Thursday, March 27, 2014
TA: Rhys Williams
Professor: Tamy Superle
“We must not say that an action shocks the conscience collective because it is criminal, but rather it is criminal because it shocks the conscience collective. We do not condemn it because it is a crime, but it is a crime because we condemn it” (Durkheim, 1972: 123-4)
Throughout the years, professionals from many fields such as criminology, sociology, psychology etc., have attempted to understand criminality, criminal behavior and deviance in different ways. Questions have always come up but the most thought of and controversial question is whether or not criminal behavior is genetic or environemtal and what are the dangers that come along with suggesting that criminal behavior is biological.
Crime is not biologically inherent nor does it have biological characteristics but is a product of society therefore leaving crime with no essence, accept one which is social. The behaviors leading up to a crime may have biological and psychological aspects surrounding it but criminals are not born, they are a product of their environment. The dangers of suggesting that biological characteristics can help explain crime is one of much controversy.
In the sixteenth century attempts to understand criminals as well as criminal behavior began with an Italian physician, Giambattista della Porta who was infatuated with the understanding of human physiognomy (facial features). Della Porta argued that “thieves tended to have sharp vision and large lips.”1 His theory and research was later carried on by a man named Cesare Lombroso. Lombroso assumed that “being criminal was somehow to be explained through identifying particular characteristics of individuals.”2 His view on a criminal was that they were a separate species and showed different mental and physical traits than other human beings. These characteristics included things such as the asymmetry of the face, lip size, particularities of the palate, imbalance of the hemispheres of the brain, and much more. His thought process was that “criminals were born, not made.”3 Unfortunately, Lombroso’s theory that criminals have different characteristics would allow for discrimination in today’s society towards races with such features. For example, a common trait found in African Americans and people of color are larger lips. According to Lombroso’s theory, if an individual were to have larger lips, than they would automatically be deemed a criminal.4This in turn allows for the idea of ethnocentrism to flourish. Ethnocentrism is “the tendency to regard one’s own culture and group as the standard – and thus superior- whereas all other groups are inferior.” 5 Being that only specific races share the characteristics or features discussed in Lombroso’s theory, other individuals of races that do not share these characteristics will find themselves superior to others because they are not considered to be criminals.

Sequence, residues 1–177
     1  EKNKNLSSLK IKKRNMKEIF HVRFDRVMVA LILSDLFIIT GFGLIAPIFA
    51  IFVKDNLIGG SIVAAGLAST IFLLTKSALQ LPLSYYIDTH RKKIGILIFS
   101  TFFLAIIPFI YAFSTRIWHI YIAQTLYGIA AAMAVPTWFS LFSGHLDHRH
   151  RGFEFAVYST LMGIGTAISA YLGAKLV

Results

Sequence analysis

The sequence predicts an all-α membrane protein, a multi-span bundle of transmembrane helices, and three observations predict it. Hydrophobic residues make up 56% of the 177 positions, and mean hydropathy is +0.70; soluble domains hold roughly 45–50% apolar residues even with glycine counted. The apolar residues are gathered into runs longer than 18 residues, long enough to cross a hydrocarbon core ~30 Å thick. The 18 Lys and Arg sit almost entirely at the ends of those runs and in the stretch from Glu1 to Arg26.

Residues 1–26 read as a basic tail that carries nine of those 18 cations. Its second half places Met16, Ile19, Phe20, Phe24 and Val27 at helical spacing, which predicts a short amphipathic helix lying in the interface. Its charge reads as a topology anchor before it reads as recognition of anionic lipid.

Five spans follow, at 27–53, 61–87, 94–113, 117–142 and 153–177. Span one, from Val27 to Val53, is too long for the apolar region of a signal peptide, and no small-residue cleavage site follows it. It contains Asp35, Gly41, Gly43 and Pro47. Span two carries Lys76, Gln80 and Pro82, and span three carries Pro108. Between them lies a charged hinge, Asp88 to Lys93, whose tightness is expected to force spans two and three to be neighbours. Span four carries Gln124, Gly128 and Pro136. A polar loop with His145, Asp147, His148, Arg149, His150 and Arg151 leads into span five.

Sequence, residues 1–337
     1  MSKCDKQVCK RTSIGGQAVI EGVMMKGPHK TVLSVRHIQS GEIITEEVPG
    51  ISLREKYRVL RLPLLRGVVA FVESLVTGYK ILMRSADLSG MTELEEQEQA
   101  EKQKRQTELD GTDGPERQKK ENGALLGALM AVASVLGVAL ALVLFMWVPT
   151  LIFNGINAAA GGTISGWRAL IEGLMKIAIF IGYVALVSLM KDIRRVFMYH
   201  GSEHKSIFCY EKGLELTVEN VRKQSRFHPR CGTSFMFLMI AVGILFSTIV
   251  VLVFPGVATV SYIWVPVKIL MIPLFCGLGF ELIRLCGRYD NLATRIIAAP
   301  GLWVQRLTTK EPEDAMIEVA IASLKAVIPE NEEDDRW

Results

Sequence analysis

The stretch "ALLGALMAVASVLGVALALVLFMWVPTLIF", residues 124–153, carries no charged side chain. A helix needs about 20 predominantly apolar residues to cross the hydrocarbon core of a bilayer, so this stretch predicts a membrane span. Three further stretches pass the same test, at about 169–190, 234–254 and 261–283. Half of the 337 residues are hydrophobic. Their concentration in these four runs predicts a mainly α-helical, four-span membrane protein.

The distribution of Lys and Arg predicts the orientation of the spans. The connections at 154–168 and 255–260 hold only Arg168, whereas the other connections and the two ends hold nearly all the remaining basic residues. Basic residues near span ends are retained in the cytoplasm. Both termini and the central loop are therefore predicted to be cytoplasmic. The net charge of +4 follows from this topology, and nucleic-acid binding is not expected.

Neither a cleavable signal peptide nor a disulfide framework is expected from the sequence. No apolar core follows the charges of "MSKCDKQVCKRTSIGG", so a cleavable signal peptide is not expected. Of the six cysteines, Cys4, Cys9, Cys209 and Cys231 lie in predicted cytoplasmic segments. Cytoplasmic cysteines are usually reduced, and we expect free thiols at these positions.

According to an interview with CBC news titled “Killer Genetic: Investigating Adam Lanza’s DNA”, well renowned geneticist Robert Green discussed the potential harmful outcomes that may occur when suggesting that criminals have a so called “mutant” gene. As stated in the interview, Robert Green suggested that testing for a so called “mutant” gene to explain why people commit crime can potentially send the wrong message to the public.6 It has the potential to allow for stigmatization of the individual diagnosed with what would be called, “the killer gene.” 7 The label or stigma attached to the idea that an individual has a mutation in their genetic makeup, allowing for a higher risk of committing horrific crime will no doubt have a negative aspect to it, similar to the stigmatization of an individual with schizophrenia. According to labeling and stigmatization theories, people will